Terry Pratchett, |
(Corgi, 1987; Penguin/Roc, 1998)
Equal Rites, the third installment in the Discworld series, centers not around Rincewind, who's probably still recuperating from the events of The Light Fantastic, but around Granny Weatherwax, a happy-to-be-rural witch. Weatherwax becomes the unwilling guardian of Esk, the eighth child of an eighth son, after a rapidly expiring wizard passed along his powers and staff to the infant without bothering to check its gender. Esk, of course, is a girl.
In the gender-separations of the Discworld, wizard (air) magic is for men and witch (earth) magic is for women. But as Esk grows, she manifests signs of wizard power. Granny Weatherwax tries to block that eventuality by training the young girl in the witchery arts -- a kinder, gentler magic all around, without all the pyrotechnical trappings of wizardry.
But Weatherwax eventually must concede that Esk's innate wizard's skills are too great -- and that Esk is at risk of burning down the landscape. And so the two reluctantly set off to find the Unseen University, where wizards are trained and women are forbidden, in the great city of Ankh-Morpork. Of course they get separated along the way and have various adventures with barges, caravans and brooms before meeting up again en route to the city.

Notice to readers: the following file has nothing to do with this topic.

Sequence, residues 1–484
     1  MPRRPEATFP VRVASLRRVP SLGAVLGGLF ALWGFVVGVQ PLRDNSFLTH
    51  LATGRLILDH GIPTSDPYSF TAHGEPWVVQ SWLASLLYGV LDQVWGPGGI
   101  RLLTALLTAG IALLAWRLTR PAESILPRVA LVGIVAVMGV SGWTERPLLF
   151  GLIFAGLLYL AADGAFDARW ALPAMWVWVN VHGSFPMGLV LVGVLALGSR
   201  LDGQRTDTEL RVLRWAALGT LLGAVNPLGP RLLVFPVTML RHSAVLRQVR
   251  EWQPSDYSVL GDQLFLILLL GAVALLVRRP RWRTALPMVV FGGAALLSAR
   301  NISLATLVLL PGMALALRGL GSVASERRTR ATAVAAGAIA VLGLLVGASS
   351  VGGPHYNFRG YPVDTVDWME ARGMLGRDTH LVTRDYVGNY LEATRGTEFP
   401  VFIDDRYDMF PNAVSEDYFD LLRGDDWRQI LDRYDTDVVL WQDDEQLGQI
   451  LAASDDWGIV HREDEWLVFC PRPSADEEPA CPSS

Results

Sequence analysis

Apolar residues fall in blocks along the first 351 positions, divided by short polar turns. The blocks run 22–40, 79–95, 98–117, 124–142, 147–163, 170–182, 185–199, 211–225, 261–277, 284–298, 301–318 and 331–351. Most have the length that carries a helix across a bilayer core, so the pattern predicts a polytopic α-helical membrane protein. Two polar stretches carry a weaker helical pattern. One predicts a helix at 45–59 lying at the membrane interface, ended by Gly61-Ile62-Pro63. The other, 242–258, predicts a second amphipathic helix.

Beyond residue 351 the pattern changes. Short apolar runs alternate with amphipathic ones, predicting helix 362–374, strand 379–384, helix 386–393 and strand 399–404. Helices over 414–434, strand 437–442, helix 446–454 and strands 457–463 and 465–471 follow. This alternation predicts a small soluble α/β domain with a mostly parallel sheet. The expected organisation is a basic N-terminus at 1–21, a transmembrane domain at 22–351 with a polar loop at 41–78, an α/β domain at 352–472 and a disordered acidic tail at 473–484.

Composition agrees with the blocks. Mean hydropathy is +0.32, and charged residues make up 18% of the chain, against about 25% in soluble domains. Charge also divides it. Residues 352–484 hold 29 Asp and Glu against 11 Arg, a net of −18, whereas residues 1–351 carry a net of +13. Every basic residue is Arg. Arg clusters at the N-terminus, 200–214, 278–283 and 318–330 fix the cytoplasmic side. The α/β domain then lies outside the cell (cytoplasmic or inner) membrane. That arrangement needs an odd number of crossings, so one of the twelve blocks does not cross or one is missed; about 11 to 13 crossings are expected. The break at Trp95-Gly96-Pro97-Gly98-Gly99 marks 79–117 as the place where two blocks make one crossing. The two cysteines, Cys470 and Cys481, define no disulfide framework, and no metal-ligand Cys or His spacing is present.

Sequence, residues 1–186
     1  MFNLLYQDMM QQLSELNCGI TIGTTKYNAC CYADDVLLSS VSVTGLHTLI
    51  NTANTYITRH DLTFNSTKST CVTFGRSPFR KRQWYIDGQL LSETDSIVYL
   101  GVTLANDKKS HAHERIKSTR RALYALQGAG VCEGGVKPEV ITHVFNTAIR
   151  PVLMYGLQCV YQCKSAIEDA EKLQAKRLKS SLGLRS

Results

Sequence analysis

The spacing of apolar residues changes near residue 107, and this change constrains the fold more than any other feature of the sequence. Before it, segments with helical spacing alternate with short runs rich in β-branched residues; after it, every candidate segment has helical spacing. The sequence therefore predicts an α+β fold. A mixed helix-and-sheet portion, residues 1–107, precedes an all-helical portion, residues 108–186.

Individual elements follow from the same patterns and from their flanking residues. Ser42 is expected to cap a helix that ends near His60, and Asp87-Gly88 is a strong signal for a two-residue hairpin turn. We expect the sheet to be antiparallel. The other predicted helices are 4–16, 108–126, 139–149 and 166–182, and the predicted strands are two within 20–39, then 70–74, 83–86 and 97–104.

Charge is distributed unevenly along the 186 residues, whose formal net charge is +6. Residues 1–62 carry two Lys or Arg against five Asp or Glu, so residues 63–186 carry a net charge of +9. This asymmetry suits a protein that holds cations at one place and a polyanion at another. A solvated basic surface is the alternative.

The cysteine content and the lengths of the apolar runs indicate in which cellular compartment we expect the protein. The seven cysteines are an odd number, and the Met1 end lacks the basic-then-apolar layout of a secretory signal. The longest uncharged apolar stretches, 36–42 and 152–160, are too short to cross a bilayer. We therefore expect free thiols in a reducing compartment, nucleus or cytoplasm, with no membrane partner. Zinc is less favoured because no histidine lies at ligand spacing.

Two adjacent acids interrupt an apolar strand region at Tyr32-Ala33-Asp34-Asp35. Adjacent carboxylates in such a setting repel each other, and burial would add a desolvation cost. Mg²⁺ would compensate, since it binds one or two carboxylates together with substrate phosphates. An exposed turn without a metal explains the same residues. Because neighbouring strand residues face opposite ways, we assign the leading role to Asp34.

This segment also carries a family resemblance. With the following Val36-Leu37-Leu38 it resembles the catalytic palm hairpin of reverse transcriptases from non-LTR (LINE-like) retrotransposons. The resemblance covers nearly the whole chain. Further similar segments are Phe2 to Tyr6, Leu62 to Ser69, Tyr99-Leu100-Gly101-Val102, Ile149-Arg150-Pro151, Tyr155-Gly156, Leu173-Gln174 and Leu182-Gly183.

Along the way, Esk meets various helpful and unhelpful people, including an apprentice wizard with raw genius for his work despite an unfortunate allergy to everything. Once they arrive in Ankh-Morpork and are laughed out of the university for being female, the two connive to do what they can to get Esk some training anyway.
It doesn't hurt that, at age almost-9, Esk already has a great deal more power than many of her snooty elders.
Equal Rites is a grand addition to the Discworld tradition, and introduces characters who will play more important roles later in the series. If one scene seems borrowed rather heavily from a well-known battle between Merlin and Madam Mim -- well, it made me chuckle, anyway.
[ by Tom Knapp ]